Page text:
Three stories show there is a civilised way to bring about a dignified death through voluntary euthanasia.
In May this year, in these pages, Peter Short wrote a forthright opinion piece declaring he was dying of oesophageal cancer, had a supply of Nembutal and would end his own life at a time of his choosing. In January this year, his doctors gave him six months to live. He is still very much alive and is campaigning vigorously for the passage of legislation that would make it easier for people to do what he declares he will do: choose the manner and timing of their own deaths over medically protracted indignity and suffering.
I am writing to add my voice to the chorus calling for this serious matter to be addressed in such a way that we can create a new and better code of civilised norms around suffering, medicine and death. I am not terminally ill and I do not have a supply of Nembutal. I do, on the other hand, have metastatic melanoma. That means that my health and general viability are an ongoing experiment, at the cutting edge of current medical science. The debate about euthanasia hovers – and must be conducted – at the cutting edge of moral philosophy.
We dwell, I think, more in stories than in systematic arguments when it comes to death and dying. When I contemplate the possibility of freely embracing and actively triggering my own demise, three stories are foremost in my mind. Two of them are historical and of those, one far better known than the other. The third is from a highly popular work of fiction by a devout Catholic writer and all the more remarkable for that reason.
The first story is that of the death of Socrates, in 399BCE. (I write BCE, Before the Common Era, not BC, before Christ, since this is a moral dialogue in which only some of us are Christians). He was condemned to death by the state for corrupting the youth and encouraging atheism. His friends urged him to escape and flee Athens. He chose instead to take his hemlock and pass away. Was he wrong to do so? He famously remarked, as his vitality ebbed away, that he owed a cock to Asclepius – as if his death had cured him of an illness. Certainly, he died with lucid dignity. Bettany Hughes provides a fine account of both his life and death in her 2010 book The Hemlock Cup: Socrates, Athens and the Search for the Good Life.
The second story is one related by the Roman historian Tacitus in Book XI of his Annals of Imperial Rome. It concerns the death of a wealthy Gallo-Roman aristocrat, Valerius Asiaticus, whose opulent villa and gardens were coveted by the dissolute Messalina, mistress of the Emperor Claudius. She had false charges of treason brought against him and he was condemned to death, but was permitted to choose the means of his own demise. The historian recounts “he took his usual exercise, then bathed and dined cheerfully and … opened his veins, but not until he had inspected his funeral pyre and directed its removal to another spot, lest the smoke should hurt the thick foliage of the trees. So complete was his calmness even to the last.”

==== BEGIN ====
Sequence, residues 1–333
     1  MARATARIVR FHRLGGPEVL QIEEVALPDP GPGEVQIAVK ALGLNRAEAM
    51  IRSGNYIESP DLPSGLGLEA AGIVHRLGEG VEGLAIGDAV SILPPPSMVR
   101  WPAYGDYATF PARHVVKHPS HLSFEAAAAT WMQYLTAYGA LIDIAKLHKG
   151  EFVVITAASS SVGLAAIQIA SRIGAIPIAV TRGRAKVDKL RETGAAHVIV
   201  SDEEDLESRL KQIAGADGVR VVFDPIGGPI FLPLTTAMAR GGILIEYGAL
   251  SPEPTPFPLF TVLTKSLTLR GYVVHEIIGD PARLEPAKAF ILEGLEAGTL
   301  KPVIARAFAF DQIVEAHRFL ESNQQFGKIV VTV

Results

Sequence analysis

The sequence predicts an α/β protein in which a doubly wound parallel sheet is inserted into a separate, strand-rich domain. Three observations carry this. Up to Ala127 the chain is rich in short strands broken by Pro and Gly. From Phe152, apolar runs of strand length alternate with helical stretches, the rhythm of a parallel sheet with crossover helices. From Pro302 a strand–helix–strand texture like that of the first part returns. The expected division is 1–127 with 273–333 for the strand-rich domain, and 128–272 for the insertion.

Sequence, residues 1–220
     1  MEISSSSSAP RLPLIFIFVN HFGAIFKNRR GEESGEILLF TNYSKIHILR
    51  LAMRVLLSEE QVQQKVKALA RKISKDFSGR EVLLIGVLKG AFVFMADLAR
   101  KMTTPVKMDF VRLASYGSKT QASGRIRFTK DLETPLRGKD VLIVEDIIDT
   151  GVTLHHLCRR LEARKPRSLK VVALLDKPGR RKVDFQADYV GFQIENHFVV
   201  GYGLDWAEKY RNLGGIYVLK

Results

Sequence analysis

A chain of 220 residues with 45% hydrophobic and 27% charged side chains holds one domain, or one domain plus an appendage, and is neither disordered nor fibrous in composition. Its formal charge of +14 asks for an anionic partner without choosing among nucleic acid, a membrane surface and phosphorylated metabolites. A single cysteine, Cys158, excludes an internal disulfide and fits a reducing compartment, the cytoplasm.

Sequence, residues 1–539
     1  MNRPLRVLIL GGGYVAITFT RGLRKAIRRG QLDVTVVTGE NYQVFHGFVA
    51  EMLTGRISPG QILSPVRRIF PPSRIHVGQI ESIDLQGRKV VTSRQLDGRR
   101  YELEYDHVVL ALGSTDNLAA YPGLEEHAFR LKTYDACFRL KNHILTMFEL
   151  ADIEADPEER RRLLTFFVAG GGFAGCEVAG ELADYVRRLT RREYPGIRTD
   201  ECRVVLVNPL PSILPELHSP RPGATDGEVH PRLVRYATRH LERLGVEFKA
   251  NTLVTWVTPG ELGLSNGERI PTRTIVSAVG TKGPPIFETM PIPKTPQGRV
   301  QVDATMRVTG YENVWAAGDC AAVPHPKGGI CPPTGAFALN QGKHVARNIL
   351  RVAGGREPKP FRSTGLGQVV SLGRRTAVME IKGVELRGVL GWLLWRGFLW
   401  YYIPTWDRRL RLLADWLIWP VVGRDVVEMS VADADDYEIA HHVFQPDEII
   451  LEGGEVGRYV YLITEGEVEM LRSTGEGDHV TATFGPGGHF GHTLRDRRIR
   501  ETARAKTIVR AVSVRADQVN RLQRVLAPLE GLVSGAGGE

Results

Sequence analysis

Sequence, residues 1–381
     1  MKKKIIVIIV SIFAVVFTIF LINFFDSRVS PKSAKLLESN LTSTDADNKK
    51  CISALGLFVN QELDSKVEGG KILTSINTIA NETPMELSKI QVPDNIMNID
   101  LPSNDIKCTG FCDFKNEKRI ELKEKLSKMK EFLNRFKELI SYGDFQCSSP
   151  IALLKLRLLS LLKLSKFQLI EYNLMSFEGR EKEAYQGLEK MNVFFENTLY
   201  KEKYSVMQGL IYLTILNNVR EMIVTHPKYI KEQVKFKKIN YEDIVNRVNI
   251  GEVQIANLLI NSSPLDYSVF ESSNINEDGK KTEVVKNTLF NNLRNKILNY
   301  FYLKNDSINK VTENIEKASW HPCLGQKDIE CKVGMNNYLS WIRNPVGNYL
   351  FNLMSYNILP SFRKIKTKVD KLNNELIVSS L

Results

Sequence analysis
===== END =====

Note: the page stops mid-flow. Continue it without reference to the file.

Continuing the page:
The third story is buried in Appendix A to J. R. R. Tolkien’s The Lord of the Rings. It concerns the voluntary suicide of Aragorn, 120 years after the fable ends. Having lived a long life, he announces to his beloved Arwen that the time has come to lay down the gift of life and leave the throne to their son. She begs him to linger with her and not go before his time. His response is remarkable: “Not before my time,” he answered. “For if I will not go now then I must soon go perforce … Take counsel with yourself, beloved, and ask whether you would indeed have me wait until I wither and fall from my high seat, unmanned and witless. Nay, lady, I am the last of the Numenoreans and the latest King of the Elder Days; and to me has been given not only a span thrice that of Men of Middle-earth, but also the grace to go at my will and give back the gift. Now, therefore, I will sleep.”
That phrasing is worth dwelling upon: “the grace to go at my will and give back the gift”. That, I suggest, is the tone in which to think about our ends – not a tone or language of fear, anxiety and a ban on choice. But all three stories inform my sense of what it could mean to voluntarily bring an end to one’s own life and to do so in a dignified manner. Should I reach the point where an ending seemed more dignified than enduring, it is stories such as these that I would bear in mind.
The chief source of our ban on voluntary euthanasia is in the Catholic tradition, dating back not to scripture, but to St Augustine. He rejected the Stoic and the Epicurean approach to free death. Yet Tolkien, a deeply moral Catholic, had one of his most exalted figures choose to lay down the gift of life simply in order to avoid the infirmities of old age. He was being neither frivolous nor sinister. He plainly conveys, in his telling of the story, the sense that this was a lofty freedom available to the “latest King of the Elder Days” and that it made good sense.
The need, in whatever set of laws we frame around medicine and mortality, is for civilised norms. All three of these stories, I believe, show that voluntary death can be experienced and conducted according to civilised norms. At the very least, they exhibit norms in which the emphasis is on choice and dignity, not a fearful ban on freedom of action. That is the spirit in which we need to frame our laws. That is the calmness and dignity we need.